Chronic psychological stress and high-fat high-fructose diet disrupt metabolic and inflammatory gene networks in the brain, liver, and gut and promote behavioral deficits in mice
Rodrigues, Maria Elizabeth de Sousa [UNIFESP]
Houser, Madelyn C.
Walker, Douglas I.
Jones, Dean P.
Nascimento, Claudia Maria da Penha Oller do [UNIFESP]
Barnum, Christopher J.
Tansey, Malu G.
Is part ofBrain Behavior And Immunity
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The mechanisms underlying the association between chronic psychological stress, development of metabolic syndrome (MetS), and behavioral impairment in obesity are poorly understood. The aim of the present study was to assess the effects of mild chronic psychological stress on metabolic, inflammatory, and behavioral profiles in a mouse model of diet-induced obesity. We hypothesized that (1) high-fat high-fructose diet (HFHF) and psychological stress would synergize to mediate the impact of inflammation on the central nervous system in the presence of behavioral dysfunction, and that (2) HFHF and stress interactions would impact insulin and lipid metabolism. C57BI/6 male mice underwent a combination of HFHF and two weeks of chronic psychological stress. MetS-related conditions were assessed using untargeted plasma metabolomics, and structural and immune changes in the gut and liver were evaluated. Inflammation was measured in plasma, liver, gut, and brain. Our results show a complex interplay of diet and stress on gut alterations, energetic homeostasis, lipid metabolism, and plasma insulin levels. Psychological stress and HFHF diet promoted changes in intestinal tight junctions proteins and increases in insulin resistance and plasma cholesterol, and impacted the RNA expression of inflammatory factors in the hippocampus. Stress promoted an adaptive anti-inflammatory profile in the hippocampus that was abolished by diet treatment. HFHF increased hippocampal and hepatic Lcn2 mRNA expression as well as LCN2 plasma levels. Behavioral changes were associated with HFHF and stress. Collectively, these results suggest that diet and stress as pervasive factors exacerbate MetS-related conditions through an inflammatory mechanism that ultimately can impact behavior. This rodent model may prove useful for identification of possible biomarkers and therapeutic targets to treat metabolic syndrome and mood disorders. (C) 2016 Elsevier Inc. All rights reserved.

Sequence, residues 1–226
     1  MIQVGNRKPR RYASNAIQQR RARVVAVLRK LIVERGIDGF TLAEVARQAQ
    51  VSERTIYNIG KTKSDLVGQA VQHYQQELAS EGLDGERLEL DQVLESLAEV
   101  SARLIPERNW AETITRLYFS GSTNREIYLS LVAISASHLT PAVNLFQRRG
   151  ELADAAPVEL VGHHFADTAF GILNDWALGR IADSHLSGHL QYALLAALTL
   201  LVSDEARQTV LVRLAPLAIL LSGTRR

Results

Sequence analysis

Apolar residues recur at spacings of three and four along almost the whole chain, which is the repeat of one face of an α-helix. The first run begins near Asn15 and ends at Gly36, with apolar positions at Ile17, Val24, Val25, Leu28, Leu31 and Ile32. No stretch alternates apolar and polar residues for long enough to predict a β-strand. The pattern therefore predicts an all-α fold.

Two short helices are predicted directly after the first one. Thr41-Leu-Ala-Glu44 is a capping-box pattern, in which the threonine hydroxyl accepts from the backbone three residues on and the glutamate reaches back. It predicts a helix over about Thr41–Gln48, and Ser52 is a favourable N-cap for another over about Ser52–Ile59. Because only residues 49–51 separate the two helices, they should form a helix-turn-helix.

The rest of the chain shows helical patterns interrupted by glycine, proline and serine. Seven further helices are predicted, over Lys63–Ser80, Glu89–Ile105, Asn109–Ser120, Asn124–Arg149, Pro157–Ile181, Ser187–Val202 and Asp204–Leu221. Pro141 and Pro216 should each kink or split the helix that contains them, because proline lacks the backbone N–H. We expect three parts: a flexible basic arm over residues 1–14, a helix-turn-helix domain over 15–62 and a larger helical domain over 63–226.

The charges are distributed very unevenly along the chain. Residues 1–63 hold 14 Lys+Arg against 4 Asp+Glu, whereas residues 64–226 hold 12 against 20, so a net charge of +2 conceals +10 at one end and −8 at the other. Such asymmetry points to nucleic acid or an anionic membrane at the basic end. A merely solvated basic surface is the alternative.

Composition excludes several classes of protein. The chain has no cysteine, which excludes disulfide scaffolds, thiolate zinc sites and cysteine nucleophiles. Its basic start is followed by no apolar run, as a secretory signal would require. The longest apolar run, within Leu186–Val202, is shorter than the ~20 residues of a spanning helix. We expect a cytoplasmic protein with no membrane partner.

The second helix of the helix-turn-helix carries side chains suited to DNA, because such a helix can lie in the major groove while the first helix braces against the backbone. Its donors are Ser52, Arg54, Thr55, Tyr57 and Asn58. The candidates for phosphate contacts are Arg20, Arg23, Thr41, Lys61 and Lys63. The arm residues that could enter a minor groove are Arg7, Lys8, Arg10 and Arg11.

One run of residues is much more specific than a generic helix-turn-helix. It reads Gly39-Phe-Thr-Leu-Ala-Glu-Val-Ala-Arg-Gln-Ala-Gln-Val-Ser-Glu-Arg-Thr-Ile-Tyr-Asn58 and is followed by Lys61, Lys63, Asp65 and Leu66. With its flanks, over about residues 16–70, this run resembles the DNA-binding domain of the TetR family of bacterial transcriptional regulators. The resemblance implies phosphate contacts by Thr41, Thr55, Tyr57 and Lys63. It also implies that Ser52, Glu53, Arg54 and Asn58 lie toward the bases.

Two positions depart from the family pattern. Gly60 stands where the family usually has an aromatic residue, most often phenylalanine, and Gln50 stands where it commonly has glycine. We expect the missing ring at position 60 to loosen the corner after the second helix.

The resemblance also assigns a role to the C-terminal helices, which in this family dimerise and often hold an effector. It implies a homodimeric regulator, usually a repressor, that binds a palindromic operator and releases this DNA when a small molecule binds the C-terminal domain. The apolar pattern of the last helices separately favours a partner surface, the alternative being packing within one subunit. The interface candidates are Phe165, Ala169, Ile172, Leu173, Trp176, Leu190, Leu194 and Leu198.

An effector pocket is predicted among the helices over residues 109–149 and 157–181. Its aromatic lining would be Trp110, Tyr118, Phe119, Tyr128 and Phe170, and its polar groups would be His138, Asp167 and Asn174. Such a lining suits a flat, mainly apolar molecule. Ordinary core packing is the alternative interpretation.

CitationBrain Behavior And Immunity. San Diego, v. 59, p. 158-172, 2017.
SponsorshipEmory Multiplexed Immunoassay Core (EMIC)
Emory University School of Medicine
National Center for Advancing Translational Sciences of the National Institutes of Health
National Institutes of Health (NIH)/National Institute of Mental Health (NIMH)
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